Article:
order positions and their operations will be notated in italics In practice, Schoenberg used both Tx, Iy, O, 1, 2,....) and row classes.9 smaller larger Relations among rows of a row class are basically of two types: those involving unordered pitch class collections held invariant in some way, and those based on ordered pitch class collections. Each of these basic distinctions contains a number of sub-types, and the two general types are highly interdependent. The concept of the mosaic is useful for discussing all types of row relations.10 A mosaic, notated W or W, is a parsing of the twelve pitch classes or order numbers into discrete collections. The collections of a mosaic are not ordered with regard to each other, nor are the elements of each constituent collection. Mosaic classes are equivalence classes of mosaics under Tx and Iy (or Tx and Iy).11 A mosaic may be mapped onto itself if for some operation at some value there exists in the resulting mo-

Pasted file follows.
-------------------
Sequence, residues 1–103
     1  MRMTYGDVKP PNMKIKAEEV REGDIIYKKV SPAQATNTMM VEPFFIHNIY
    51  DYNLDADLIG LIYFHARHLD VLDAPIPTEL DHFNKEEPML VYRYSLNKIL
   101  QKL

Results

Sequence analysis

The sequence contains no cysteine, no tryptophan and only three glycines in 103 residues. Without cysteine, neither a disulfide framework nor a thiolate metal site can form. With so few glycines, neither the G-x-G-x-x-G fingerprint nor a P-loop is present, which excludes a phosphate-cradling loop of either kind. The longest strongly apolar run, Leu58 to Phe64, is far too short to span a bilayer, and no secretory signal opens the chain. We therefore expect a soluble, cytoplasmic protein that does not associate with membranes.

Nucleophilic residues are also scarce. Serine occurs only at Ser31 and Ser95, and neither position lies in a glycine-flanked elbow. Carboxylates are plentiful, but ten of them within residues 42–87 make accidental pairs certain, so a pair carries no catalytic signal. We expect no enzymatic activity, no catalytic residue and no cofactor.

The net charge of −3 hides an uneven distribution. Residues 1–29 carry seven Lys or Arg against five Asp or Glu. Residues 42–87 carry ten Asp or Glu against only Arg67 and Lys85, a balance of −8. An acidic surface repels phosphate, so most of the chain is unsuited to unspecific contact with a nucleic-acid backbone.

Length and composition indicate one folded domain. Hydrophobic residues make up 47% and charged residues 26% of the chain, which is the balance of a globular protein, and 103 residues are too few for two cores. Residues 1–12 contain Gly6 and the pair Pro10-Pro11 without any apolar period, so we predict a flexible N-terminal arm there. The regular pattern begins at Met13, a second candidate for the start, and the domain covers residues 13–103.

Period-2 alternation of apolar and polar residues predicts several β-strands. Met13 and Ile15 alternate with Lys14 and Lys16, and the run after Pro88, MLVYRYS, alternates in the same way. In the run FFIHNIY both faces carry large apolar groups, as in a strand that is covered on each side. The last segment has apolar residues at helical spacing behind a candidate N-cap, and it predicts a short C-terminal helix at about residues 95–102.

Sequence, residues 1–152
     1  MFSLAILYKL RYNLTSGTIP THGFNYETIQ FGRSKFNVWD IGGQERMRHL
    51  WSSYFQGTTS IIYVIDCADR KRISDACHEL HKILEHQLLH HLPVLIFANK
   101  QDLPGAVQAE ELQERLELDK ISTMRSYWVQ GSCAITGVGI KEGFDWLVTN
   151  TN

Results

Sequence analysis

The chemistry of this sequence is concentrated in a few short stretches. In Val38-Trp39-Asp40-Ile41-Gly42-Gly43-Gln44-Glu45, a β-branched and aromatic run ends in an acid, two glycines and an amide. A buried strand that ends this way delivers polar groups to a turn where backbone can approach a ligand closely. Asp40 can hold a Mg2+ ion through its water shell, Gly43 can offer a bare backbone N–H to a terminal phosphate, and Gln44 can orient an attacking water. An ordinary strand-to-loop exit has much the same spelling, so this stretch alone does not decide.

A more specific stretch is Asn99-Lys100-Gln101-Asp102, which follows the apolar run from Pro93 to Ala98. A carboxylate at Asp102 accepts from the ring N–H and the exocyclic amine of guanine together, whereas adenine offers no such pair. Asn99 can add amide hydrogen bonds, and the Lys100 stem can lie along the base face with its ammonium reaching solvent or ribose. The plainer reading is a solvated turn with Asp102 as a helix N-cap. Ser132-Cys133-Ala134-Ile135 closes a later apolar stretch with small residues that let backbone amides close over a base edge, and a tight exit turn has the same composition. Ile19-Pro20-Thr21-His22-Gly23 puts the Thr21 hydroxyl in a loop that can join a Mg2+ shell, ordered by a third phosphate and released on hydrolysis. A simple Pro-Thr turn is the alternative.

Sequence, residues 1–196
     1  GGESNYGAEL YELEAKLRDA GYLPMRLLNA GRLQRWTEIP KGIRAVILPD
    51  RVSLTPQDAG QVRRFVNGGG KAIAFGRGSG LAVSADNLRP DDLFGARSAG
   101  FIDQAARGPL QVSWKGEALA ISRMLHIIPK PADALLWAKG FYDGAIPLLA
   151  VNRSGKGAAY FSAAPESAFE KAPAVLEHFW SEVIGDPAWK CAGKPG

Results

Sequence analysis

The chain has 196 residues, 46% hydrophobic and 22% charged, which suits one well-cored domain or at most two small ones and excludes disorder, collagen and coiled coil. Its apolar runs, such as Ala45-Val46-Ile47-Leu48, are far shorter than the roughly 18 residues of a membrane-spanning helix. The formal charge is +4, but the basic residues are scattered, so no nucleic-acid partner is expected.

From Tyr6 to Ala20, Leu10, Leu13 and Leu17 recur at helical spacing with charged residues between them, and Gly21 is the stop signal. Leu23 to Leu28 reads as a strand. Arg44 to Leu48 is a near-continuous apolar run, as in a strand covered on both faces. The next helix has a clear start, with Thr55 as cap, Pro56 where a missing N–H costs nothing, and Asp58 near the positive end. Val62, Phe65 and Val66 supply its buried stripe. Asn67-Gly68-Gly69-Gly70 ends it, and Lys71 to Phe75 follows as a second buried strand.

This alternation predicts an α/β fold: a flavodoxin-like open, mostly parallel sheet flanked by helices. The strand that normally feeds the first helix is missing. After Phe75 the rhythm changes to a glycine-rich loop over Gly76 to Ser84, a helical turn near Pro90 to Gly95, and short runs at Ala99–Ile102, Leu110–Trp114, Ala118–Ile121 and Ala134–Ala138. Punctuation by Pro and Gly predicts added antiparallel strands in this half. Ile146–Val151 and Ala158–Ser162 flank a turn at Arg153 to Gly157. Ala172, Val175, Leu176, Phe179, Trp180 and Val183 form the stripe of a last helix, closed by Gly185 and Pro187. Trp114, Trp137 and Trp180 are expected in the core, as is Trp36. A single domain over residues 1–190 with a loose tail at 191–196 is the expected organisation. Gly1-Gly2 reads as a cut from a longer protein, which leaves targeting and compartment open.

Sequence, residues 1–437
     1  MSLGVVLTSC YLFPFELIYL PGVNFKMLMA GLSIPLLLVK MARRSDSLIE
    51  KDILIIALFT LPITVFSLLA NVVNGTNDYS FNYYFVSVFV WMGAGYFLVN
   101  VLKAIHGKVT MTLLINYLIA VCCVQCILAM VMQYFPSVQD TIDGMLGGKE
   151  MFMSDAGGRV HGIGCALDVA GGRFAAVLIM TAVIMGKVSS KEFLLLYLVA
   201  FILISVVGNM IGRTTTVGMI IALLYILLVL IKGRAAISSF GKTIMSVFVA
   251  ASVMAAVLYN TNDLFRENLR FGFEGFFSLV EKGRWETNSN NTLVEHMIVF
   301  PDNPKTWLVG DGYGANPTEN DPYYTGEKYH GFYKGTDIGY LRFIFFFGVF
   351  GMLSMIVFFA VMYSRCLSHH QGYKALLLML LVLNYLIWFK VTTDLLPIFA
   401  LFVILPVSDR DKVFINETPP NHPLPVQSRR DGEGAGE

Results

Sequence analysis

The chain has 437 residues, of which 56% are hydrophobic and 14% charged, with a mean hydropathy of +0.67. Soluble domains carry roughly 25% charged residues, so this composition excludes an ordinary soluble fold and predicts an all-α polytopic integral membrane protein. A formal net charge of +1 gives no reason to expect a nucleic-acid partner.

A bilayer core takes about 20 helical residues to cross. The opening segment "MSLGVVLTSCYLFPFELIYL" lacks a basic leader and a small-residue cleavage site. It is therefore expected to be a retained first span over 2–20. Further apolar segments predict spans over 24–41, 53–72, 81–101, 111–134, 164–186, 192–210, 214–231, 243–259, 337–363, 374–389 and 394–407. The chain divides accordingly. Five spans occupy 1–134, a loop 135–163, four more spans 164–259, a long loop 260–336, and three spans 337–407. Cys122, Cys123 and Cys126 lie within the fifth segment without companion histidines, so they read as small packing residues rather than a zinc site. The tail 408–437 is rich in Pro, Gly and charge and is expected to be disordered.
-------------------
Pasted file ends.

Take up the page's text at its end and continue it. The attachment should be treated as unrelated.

of OrderingOf and In PitchandTime," "On Pitchor Rhythm:Interpretations of New Music 13/2 (1975): 182-203; LarrySolomon, "New SymPerspectives metricTransformations," of New Music11/2(1973):257-264; MiPerspectives chael Stanfield, "Some Exchange Operations in Twelve-Tone Theory: Part One," Perspectivesof New Music23/1 (1984): 258-277, and "... PartTwo," of New Music24/1 (1985): 72-95. Perspectives 9Therowsof the Suite Opus 25 are a subset of the classicalrow classof that piece, but form a closed system underthe operators.This piece is discussedin MarthaHyde, "The Roots of Form."The WindQuintetemploysthe fullrange of operatorson the order numbersas well as the pitchclasses, yieldinga grand row class of 576 members. This is detailed in my "Large-ScaleStrategies." from the sketchesis offered in FusakaoHamao, "TheHistorical Confirmation Originof Schoenberg'sCombinatorialHexachord,"presentedat the 1986Society for MusicTheory annualconference, Bloomington,Indiana. "The term "mosaic" is introducedin Donald Martino, "The Source Set and Its Aggregate Formations,"Journalof Music Theory5/2 (1961):224-273. "An interesting feature of mosaic equivalence classes is that while two members of an equivalence class must have collections of the same classes, their havingcollections of the same classes is not sufficientto guaranteemembershipin a mosaic class. Considerthe followingmosaics: